Alan Bennett’s home territory — Leeds, in Yorkshire — is not a part of England I can claim to know from personal experience. I’ve only made it as far north as the Midlands, reached as I wended my way northward from Worthing where I met an English friend from university and his wife for a road trip that deposited me in Birmingham from whence I returned to London. We dawdled along the way and took in the sights at a leisurely pace, easily done in Merry Old since there’s a village every few kilometers, no huge expanses of wilderness for hours on end like you find in my home territory. First came lovely Arundel with the castle on its hillock (here), then on through the South Downs to Petworth House (here) — seeing the Grinling Gibbons carvings there threatened to induce Stendhal syndrome but I managed to hold myself together — then a brief stop at Haslemere (to pay tribute to the memory of the Dolmetsch family and their contribution to the resurgence of early music), on through the Berkshire Downs to Newbury for a spot of lunch (inevitably the “plowman’s lunch” ubiquitous at the time, which left me mightily unimpressed having just come from France where a cafe lunch of that ilk would cause either raised eyebrows or raucous laughter). We toddled on to Oxford before evening set in and had a good look round before the dusk thickened and sent us indoors. The next day it was off after another look at the architectural glory that is Oxford, one of my two favorite spots in Europe, the other being Innsbruck (but only in the summertime, I hasten to add).
You can’t head north from Oxford and not stop at Woodstock to see Vanbrugh’s stately pile for the Duke of Marlborough, Blenheim Palace (here). I was fully apprised of Voltaire’s disparaging opinion of the place before I laid eyes on it myself. I did my best to put aside Voltaire’s objections and make my own judgements. It’s an alarming apparition, like stumbling on an alien mothership sat in the middle of Capability Brown’s serene parkland. Only a few months earlier I’d been at Vierzehnheiligen (info here), an ornament to its setting and a rapture of light and color inside, and for some reason the images I had of that place inserted themselves by way of comparison. Nothing of the sort there in Woodstock, goodness me … Looking at Blenheim I thought, “Hmmm, looks like he nicked it from the Klingons.” As I think back now to that initial impression, I see that Vanbrugh simply botched the matter of incarnational timing. Had he been born in my day, he’d have become without doubt the go-to set designer for “Game of Thrones.” Right up his alley, yes siree.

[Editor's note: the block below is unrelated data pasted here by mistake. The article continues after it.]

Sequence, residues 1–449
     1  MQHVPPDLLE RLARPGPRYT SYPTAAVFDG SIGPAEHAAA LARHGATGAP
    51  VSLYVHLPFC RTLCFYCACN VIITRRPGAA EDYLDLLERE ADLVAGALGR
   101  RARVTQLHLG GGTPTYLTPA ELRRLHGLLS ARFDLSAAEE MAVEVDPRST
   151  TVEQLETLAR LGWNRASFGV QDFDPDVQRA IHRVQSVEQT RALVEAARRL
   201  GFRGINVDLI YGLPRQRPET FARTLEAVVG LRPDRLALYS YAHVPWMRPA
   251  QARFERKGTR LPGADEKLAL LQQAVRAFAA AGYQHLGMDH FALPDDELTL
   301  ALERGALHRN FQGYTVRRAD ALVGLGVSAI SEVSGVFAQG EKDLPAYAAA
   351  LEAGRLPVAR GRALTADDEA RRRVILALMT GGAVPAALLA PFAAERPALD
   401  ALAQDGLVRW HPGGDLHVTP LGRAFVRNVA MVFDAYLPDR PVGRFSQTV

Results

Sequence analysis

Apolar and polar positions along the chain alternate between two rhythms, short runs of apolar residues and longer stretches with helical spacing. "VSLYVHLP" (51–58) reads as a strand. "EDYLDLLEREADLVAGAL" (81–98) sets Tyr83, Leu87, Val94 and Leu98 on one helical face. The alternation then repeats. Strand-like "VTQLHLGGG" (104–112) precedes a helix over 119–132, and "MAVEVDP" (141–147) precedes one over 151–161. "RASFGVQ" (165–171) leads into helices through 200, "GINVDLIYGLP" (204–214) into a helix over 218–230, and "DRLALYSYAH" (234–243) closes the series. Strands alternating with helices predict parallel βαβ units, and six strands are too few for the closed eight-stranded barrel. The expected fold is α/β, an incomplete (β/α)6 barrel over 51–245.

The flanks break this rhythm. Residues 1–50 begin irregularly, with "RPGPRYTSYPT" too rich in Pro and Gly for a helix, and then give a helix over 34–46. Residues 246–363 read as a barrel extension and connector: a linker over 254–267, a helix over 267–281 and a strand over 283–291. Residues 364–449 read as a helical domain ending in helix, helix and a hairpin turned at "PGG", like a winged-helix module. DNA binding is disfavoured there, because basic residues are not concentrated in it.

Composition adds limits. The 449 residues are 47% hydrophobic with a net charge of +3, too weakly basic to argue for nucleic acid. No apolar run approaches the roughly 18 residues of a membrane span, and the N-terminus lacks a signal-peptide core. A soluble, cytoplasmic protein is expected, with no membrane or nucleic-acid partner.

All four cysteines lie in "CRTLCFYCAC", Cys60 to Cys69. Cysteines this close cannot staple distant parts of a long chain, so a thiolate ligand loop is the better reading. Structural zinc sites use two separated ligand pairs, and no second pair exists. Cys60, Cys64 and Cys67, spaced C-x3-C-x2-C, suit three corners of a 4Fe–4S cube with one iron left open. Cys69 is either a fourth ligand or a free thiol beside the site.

The next stop was Chipping Campden — as a former lit major I could hardly let that go by without a look-see, could I. T.S. Eliot, Burnt Norton, that sort of thing. The astonishing history of the estate, over which one can only wring one’s hands in wonder, is sketched in an article from the Daily Mail (here). I contented myself with a look at the village, leaving the estate to continue in the realm of imagination where literature best flourishes. It was an easy mosey on to Stratford, the next overnight spot, and a play at the Royal Shakespeare Company. As luck would have it, the production at that time — a comedy — was staged in the Flapper Era, which brought the cognitive dissonance of hearing Elizabethan language declaimed by performers dressed for Ziegfeld’s Follies. Be that as it may, another box was ticked, we toured round the other sights in town and had a pleasant evening where things were all frightfully, frightfully. The next morning it was off to Warwick.
There’s much more to Warwick than a glance at the map would lead one to expect. It’s one of those places in England where history feels tangible through ample physical evidence from a long past — and not only because of the castle, which began as yet another production of those bloody Normans who flounced in and set everything on its ear with their foreign ways. One of the early earls of Warwick was best buds with Edward I, towers and turrets sprang up all round so the castle in its altered state looks as English as pasties. It’s a great pity the medieval town hasn’t survived — unfortunately in 1694 the Great Fire incinerated most of it. But vernacular architecture being what it is, looking down a street of half-timbered houses from the 18th century is a good enough glimpse into the past. From the Wikipedia page on Warwick (here) comes this little-known and surprising set of facts:
J. R. R. Tolkien seems to have been very influenced by Warwick (where he was married in the Catholic Church of Saint Mary Immaculate) and by its Mercian connections: Lynn Forest-Hill, in an article in the Times Literary Supplement (TLS 8 July 2005 pp 12–13) argues cogently that two important settlements in Tolkien’s work were modelled on Warwick — Edoras closely on the early town, and Minas Tirith more remotely on the Norman; and that aspects of the plot of The Lord of the Rings are paralleled in the romance known as Guy of Warwick. Christopher Tolkien, in The Book of Lost Tales, stated that Kortirion, the main city of Tol Eressëa, “would become in after days Warwick.”
Now there’s a good spot of backstory if you’re a municipality with a Tourist Office. The day we spent going about the town was sunny and my memories are full of bright colors and handsome sights. It’s a thoroughly lovely place.
I had made it known that no stop in Coventry was necessary since I find the cathedral hideous. With the bulk of the day spent in Warwick, afternoon found us headed for Birmingham, where I caught a train back to London and soon found myself once again happily ensconced in Hampstead where I was staying with an American friend.